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When NBC introduced "The Nutt House" last month, with Harvey Korman and Cloris Leachman heading the wacky staff at a tacky old hotel, the network figured it had a comedy that would appeal to a small-but-loyal audience.

They were right about the "loyal" part - the show's audience has remained remarkably consistent. But they had no idea how "small" that audience would be, or how much damage the series would do to the network's Wednesday night flow.As it turns out, however, the damage is considerable. Although "The Nutt House" has been receiving a strong lead-in audience from "Night Court," it has been delivering only about half that to "Quantum Leap" at 9 o'clock. So not only has "The Nutt House" been dying, but it has been taking "Quantum Leap" down with it.

Which is why the offbeat Mel Brooks-Alan Spencer series is the television season's second programming casualty. NBC officials announced Friday that "The Nutt House" cracked its last joke last week, and will be replaced Wednesday in the schedule by the week's second run of "My Two Dads." NBC will announce its long-term plans for the time period soon.

But you can be sure it will be something with broader appeal - and far less "nutty."

-ON TV TONIGHT: With no World Series game to play havoc with the schedule, you can settle in with your favorite Fright Night comedy. KXIV (Ch. 14), always ready to try something fun and creative, presents special Halloween episodes from vintage (you'll notice I didn't say "classic," which to me intimates excellence and quality) sitcoms like The Addams Family (7 and 8:30 p.m.), The Beverly Hillbillies (7:30) and Happy Days (8). And if that isn't enough, there's George Hamilton as a very suave Dracula in Love at First Bite (9 p.m., Ch. 14), a surprisingly effective and entertaining film, given Hamilton's track record.

Also treating Halloween like a laughing matter is Roseanne (8 p.m., Ch. 4), where the Conners' build a Halloween Tunnel of Terror. And TBS has a comedy movie double-header, with Don Knotts in The Ghost and Mr. Chicken (6:05 p.m.) and "The Munsters" in Munster, Go Home (8:05 p.m.).

More traditional frightening fare is offered elsewhere: The Howling II (8 p.m., Ch. 14), a grisly 1985 feature about werewolves; Fred Astaire, Melvyn Douglas, Douglas Fairbanks Jr. and John Houseman in Ghost Story (6 p.m., WGN); Boris Karloff and Bela Lugosi in Black Friday (6:30 p.m., AMC); Trick or Treats (7 p.m., USA), a 1982 horror feature about a babysitting nightmare; House of Frankenstein (8:15 p.m., AMC) with Boris Karloff as the mad scientist, Glenn Strange (great name, huh?) as his creation, Lon Chaney as the Wolf Man and John Carradine as Count Dracula; Dracula's Daughter (9:30 p.m., AMC); One Dark Night (10:05 p.m., TBS), with Meg Tilly as a soroity pledge forced to spend the night in a mausoleum; Dracula A.C. 1972 (10:30 p.m., WGN), with Christopher Lee as the original Blood Count doing his thing in contemporary London; Lon Chaney in 1943's Son of Dracula (10:45 p.m., AMC); Fay Wray and Melvyn Douglas in Vampire Bat (11 p.m., Ch. 11); and Blood Song (11:30 p.m., USA), with Frankie Avalon as - are you ready for this? - an ax murderer.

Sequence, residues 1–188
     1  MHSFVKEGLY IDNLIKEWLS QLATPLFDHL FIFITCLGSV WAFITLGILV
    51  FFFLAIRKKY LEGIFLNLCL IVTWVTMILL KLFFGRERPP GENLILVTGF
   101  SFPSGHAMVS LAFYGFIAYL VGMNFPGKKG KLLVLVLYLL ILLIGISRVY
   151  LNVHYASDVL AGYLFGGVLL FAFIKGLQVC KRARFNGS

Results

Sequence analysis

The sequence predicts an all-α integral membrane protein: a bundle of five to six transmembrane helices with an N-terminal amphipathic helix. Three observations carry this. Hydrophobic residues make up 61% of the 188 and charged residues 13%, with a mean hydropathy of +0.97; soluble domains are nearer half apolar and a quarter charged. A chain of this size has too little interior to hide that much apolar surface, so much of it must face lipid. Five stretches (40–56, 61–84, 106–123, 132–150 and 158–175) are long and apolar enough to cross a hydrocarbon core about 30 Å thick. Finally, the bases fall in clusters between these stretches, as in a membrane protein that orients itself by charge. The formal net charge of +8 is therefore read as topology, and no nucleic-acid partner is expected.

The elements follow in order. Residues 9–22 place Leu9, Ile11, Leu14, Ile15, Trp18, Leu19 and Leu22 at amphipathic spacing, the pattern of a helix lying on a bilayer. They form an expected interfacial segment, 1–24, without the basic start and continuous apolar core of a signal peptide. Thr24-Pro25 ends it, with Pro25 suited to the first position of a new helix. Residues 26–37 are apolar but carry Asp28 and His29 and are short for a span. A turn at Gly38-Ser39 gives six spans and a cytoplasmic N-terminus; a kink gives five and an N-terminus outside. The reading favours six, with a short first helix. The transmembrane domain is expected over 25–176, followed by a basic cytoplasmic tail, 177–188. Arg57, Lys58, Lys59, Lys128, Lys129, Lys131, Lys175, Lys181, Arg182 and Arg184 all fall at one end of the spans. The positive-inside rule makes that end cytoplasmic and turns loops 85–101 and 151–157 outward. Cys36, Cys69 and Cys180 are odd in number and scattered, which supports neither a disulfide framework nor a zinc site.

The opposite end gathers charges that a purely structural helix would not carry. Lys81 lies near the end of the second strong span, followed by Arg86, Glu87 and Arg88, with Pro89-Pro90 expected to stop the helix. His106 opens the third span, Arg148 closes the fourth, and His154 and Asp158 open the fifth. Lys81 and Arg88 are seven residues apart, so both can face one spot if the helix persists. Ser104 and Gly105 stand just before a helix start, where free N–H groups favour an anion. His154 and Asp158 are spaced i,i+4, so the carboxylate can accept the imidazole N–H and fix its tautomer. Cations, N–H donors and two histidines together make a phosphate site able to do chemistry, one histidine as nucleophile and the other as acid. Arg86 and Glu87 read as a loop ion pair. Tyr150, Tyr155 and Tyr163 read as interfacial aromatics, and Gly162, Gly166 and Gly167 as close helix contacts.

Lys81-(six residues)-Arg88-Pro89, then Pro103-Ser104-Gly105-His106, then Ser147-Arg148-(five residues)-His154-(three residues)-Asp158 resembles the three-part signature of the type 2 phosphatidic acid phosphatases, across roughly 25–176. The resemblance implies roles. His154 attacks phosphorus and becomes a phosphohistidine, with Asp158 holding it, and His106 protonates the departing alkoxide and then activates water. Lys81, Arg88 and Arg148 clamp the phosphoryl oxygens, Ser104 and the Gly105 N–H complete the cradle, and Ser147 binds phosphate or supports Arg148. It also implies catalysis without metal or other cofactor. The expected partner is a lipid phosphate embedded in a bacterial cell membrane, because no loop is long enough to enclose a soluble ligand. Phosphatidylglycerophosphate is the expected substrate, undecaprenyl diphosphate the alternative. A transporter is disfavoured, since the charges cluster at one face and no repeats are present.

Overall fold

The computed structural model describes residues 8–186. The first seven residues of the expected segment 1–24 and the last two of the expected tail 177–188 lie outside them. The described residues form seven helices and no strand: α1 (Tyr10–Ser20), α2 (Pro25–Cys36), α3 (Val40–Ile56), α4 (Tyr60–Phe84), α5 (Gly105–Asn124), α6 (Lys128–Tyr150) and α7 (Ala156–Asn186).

And if you were really counting on a ball game tonight, how about the NBA's Hall of Fame Game (6 p.m., TNT), with the Knicks tipping off the season against the Bucks?

-LOOKING TOWARD WEDNESDAY: Lee Marin leads the original Dirty Dozen (6 p.m., TNT); Loni Anderson lends her voice to the animated Blondie & Dagwood (7 p.m., Ch. 5); Mark Russell (7 p.m., Ch. 7) returns for a new season of satire on PBS; the kids at The Head of the Class (7:30 p.m., Ch. 4) prepare an experiment to go up with the space shuttle; CBS has a new animated special based on Hagar the Horrible (7:30 p.m., Ch. 5); Timeline (7:30 p.m., Ch. 7) follows the Mongols into Europe in 1247; KBYU has William Wyler's classic The Best Years of Our Lives (8 p.m., Ch. 11); Michael J. Fox finds The Secret of My Success (8 p.m., Ch. 13); Ray Milland and Grace Kelly star in Alfred Hitchcock's Dial M for Murder (8 p.m., Ch. 14); the Better World Society remembers Chico Mendes (8:05 p.m., TBS); and Barbara Walters (9 p.m., Ch. 4) interviews Sarah Ferguson, the Duchess of York.